The purpose of a paper in the social sciences designed around a case study is to thoroughly investigate a subject of analysis in order to reveal a new understanding about the research problem and, in so doing, contributing new knowledge to what is already known from previous studies. In applied social sciences disciplines [e.g., education, social work, public administration, etc.], case studies may also be used to reveal best practices, highlight key programs, or investigate interesting aspects of professional work.

In general, the structure of a case study research paper is not all that different from a standard college-level research paper. However, there are subtle differences you should be aware of. Here are the key elements to organizing and writing a case study research paper.

I.  Introduction

As with any research paper, your introduction should serve as a roadmap for your readers to ascertain the scope and purpose of your study . The introduction to a case study research paper, however, should not only describe the research problem and its significance, but you should also succinctly describe why the case is being used and how it relates to addressing the problem. The two elements should be linked. With this in mind, a good introduction answers these four questions:

  • What is being studied? Describe the research problem and describe the subject of analysis [the case] you have chosen to address the problem. Explain how they are linked and what elements of the case will help to expand knowledge and understanding about the problem.
  • Why is this topic important to investigate? Describe the significance of the research problem and state why a case study design and the subject of analysis that the paper is designed around is appropriate in addressing the problem.
  • What did we know about this topic before I did this study? Provide background that helps lead the reader into the more in-depth literature review to follow. If applicable, summarize prior case study research applied to the research problem and why it fails to adequately address the problem. Describe why your case will be useful. If no prior case studies have been used to address the research problem, explain why you have selected this subject of analysis.
  • How will this study advance new knowledge or new ways of understanding? Explain why your case study will be suitable in helping to expand knowledge and understanding about the research problem.

Each of these questions should be addressed in no more than a few paragraphs. Exceptions to this can be when you are addressing a complex research problem or subject of analysis that requires more in-depth background information.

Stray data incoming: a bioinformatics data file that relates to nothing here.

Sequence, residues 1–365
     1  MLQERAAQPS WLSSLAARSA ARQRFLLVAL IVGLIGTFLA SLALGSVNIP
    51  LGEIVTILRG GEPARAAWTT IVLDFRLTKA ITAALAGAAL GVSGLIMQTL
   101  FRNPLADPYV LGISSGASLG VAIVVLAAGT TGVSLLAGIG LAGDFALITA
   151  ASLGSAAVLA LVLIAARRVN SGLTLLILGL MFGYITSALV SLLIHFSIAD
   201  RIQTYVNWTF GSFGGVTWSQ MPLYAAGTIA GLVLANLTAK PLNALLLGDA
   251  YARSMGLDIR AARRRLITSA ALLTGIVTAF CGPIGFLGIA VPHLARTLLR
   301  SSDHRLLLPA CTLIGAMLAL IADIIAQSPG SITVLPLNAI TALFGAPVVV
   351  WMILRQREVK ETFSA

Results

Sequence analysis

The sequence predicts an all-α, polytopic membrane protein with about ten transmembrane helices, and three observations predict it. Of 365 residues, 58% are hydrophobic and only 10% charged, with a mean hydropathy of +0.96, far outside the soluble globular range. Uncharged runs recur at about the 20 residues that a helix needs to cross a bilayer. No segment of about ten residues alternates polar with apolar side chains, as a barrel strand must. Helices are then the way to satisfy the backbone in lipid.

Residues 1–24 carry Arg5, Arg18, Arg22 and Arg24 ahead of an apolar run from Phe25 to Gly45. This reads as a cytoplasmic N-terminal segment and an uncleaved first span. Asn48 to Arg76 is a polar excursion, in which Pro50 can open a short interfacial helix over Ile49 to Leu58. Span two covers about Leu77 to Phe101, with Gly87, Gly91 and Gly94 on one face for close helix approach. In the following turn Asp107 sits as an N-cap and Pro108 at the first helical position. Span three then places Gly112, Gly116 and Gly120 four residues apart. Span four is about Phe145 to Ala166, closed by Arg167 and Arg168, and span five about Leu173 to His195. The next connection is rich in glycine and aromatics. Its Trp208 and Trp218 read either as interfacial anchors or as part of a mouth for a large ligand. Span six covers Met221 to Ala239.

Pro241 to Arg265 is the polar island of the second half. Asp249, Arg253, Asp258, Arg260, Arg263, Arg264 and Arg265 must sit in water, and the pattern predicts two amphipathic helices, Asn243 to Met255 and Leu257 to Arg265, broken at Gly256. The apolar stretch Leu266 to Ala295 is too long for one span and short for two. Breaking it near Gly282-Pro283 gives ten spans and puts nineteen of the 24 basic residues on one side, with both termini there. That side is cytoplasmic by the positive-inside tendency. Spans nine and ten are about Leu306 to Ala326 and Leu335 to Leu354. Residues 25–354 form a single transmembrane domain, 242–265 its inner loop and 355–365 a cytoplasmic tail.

II.  Literature Review

The literature review for a case study research paper is generally structured the same as it is for any college-level research paper. The difference, however, is that the literature review is focused on providing background information and  enabling historical interpretation of the subject of analysis in relation to the research problem the case is intended to address . This includes synthesizing studies that help to:

  • Place relevant works in the context of their contribution to understanding the case study being investigated . This would involve summarizing studies that have used a similar subject of analysis to investigate the research problem. If there is literature using the same or a very similar case to study, you need to explain why duplicating past research is important [e.g., conditions have changed; prior studies were conducted long ago, etc.].
  • Describe the relationship each work has to the others under consideration that informs the reader why this case is applicable . Your literature review should include a description of any works that support using the case to investigate the research problem and the underlying research questions.
  • Identify new ways to interpret prior research using the case study . If applicable, review any research that has examined the research problem using a different research design. Explain how your use of a case study design may reveal new knowledge or a new perspective or that can redirect research in an important new direction.
  • Resolve conflicts amongst seemingly contradictory previous studies . This refers to synthesizing any literature that points to unresolved issues of concern about the research problem and describing how the subject of analysis that forms the case study can help resolve these existing contradictions.
  • Point the way in fulfilling a need for additional research . Your review should examine any literature that lays a foundation for understanding why your case study design and the subject of analysis around which you have designed your study may reveal a new way of approaching the research problem or offer a perspective that points to the need for additional research.
  • Expose any gaps that exist in the literature that the case study could help to fill . Summarize any literature that not only shows how your subject of analysis contributes to understanding the research problem, but how your case contributes to a new way of understanding the problem that prior research has failed to do.
  • Locate your own research within the context of existing literature [very important!] . Collectively, your literature review should always place your case study within the larger domain of prior research about the problem. The overarching purpose of reviewing pertinent literature in a case study paper is to demonstrate that you have thoroughly identified and synthesized prior studies in relation to explaining the relevance of the case in addressing the research problem.